What the FSCS and FOS do


Examples of mainstream savings and investment choices

Instant access savings account
A popular first step, savings accounts offer peace of mind and easy access to your money. When saving via a Cash ISA wrapper (ISA stands for ‘Individual Savings Account’), these accounts can be a tax-efficient means to start building up a ‘rainy day’ fund, save for an important life event, a house deposit, or just to hold as an emergency cash buffer.


Invest through funds

These collective forms of investing can offer investors a wide range of opportunities to grow their money, provide income or a combination of the two.

Also available through a tax-efficient Stocks and Shares ISA wrapper, mainstream funds typically invest in a broad basket of shares or in bond markets in the UK and beyond. Some funds have ethical themes for investors who want to avoid companies in areas such as tobacco or defence, while others offer a range of sustainability themes.

Funds provide a level of diversification that can help to smooth out long-term returns and reduce overall risks to your investment. Read our article on how your investments could benefit from diversification.


Direct investment in shares
Some investors who are prepared to take more risk with their money choose to invest in the stock market themselves. Investors who decide to buy shares in public companies directly can also benefit from tax advantages through the use of a Stocks and Shares ISA.

Why mainstream investments might be right for you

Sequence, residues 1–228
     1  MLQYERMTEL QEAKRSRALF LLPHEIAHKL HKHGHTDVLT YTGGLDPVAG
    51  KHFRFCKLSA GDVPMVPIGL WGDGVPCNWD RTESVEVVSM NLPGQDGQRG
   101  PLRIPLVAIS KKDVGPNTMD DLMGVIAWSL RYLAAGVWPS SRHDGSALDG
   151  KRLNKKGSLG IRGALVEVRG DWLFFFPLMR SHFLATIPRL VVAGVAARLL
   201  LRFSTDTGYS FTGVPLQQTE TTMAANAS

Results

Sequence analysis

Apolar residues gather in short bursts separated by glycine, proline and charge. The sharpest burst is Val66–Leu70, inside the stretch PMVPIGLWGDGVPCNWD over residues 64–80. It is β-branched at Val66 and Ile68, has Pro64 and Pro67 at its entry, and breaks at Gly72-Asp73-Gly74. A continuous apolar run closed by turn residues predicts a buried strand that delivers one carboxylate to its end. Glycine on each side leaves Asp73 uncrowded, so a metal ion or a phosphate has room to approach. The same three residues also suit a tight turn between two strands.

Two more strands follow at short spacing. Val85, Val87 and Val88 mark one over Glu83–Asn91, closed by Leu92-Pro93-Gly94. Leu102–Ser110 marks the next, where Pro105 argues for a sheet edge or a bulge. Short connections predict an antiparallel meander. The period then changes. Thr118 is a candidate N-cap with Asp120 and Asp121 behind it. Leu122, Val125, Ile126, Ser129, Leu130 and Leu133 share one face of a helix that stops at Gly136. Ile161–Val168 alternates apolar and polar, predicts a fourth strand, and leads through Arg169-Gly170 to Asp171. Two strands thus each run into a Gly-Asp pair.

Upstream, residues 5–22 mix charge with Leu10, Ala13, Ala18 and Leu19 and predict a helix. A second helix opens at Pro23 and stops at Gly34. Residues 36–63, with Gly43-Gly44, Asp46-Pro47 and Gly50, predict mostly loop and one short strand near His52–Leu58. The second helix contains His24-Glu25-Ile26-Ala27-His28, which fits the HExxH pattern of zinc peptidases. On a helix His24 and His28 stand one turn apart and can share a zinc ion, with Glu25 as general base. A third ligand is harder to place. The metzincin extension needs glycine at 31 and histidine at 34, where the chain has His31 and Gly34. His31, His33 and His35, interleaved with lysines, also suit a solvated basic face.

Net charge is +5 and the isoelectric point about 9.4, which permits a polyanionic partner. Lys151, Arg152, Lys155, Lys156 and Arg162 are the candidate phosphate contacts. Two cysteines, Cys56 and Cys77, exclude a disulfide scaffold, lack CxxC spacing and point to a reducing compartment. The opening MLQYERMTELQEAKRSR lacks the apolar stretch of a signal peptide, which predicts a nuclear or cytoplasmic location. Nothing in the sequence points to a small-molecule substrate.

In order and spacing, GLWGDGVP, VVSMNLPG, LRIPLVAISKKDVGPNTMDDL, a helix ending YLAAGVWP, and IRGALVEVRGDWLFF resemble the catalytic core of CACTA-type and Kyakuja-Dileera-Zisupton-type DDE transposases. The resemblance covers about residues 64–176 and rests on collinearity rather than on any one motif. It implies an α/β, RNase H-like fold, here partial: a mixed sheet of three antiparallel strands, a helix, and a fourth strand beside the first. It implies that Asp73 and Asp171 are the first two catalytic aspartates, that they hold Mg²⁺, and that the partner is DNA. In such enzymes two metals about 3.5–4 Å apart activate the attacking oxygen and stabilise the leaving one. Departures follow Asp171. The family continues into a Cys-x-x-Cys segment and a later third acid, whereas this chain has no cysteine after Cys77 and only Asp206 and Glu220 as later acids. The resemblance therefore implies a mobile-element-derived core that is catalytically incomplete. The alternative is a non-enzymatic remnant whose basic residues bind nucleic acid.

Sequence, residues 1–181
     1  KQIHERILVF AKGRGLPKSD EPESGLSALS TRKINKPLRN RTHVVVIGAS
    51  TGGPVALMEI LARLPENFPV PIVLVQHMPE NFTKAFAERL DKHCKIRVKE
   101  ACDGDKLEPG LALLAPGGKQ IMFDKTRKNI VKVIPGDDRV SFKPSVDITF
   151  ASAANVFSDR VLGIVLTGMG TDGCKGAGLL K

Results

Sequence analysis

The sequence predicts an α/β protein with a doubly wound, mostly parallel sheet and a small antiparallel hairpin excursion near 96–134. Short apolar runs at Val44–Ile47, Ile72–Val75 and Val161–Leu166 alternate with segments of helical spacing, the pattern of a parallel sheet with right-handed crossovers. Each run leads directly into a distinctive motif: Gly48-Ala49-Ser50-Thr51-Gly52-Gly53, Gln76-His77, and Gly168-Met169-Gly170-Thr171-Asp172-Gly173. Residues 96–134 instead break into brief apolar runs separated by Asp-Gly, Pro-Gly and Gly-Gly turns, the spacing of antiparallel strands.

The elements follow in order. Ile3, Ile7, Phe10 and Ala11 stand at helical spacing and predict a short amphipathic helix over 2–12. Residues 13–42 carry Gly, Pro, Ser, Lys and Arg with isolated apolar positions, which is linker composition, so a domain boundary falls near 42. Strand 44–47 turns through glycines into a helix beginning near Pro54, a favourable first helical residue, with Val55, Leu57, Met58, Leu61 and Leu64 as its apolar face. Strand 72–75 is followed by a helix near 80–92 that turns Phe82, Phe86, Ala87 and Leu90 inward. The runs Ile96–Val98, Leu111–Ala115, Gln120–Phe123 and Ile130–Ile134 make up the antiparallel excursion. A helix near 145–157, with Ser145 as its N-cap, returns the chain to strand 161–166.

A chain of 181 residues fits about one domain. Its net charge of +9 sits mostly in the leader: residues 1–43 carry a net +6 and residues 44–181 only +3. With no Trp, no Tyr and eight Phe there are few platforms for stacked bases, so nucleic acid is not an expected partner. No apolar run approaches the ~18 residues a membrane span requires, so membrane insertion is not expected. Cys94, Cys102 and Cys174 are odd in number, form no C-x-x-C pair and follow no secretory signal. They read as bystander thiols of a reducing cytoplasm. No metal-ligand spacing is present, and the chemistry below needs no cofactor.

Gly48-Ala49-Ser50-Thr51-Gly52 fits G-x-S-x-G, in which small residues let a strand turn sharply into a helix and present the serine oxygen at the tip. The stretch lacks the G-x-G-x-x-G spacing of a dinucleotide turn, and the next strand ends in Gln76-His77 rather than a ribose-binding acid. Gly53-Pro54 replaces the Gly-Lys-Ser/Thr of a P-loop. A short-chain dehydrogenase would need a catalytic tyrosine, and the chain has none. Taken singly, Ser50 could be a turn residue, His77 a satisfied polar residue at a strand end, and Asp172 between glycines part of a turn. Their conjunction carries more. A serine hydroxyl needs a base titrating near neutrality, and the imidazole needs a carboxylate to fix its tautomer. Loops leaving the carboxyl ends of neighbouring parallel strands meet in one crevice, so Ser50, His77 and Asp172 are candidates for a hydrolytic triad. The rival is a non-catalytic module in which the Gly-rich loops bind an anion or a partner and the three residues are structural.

They’re better for inexperienced investors

For the many people who are looking to invest over the long term, taking low-to-medium levels of risk, but don’t have the time or inclination to research their investment options in detail or consult an independent financial adviser, mainstream investments can represent a convenient, cost-effective choice.

As with all investments, it’s important to understand any mainstream product you’re considering, so don’t hesitate to contact the investment provider if you have questions.

They’re aligned to long-term investment goals

Mainstream investments can offer a balance of risk and returns that fits with many investors’ long-term objectives. Although funds that invest in shares and bonds cannot offer performance guarantees, and the value of investments can go down as well as up, mainstream investments aim to produce attractive returns for investors over the long term.

They’re professionally managed

Some mainstream funds are professionally managed by professional investors (fund managers) who aim to outperform the wider market in which the fund operates. Known as ‘active’ funds, these try to beat the returns from a market index, such as the UK FTSE 100 of the country’s biggest traded companies. Of course, outperformance is not guaranteed and active funds can perform less well than the wider market.

Other mainstream funds take a ‘passive’ approach, aiming to match the performance of a market index. The management charges for these ‘tracker funds’ (so called because they track a stock market index) is typically lower than for active funds, making them a popular choice among mainstream funds for many investors.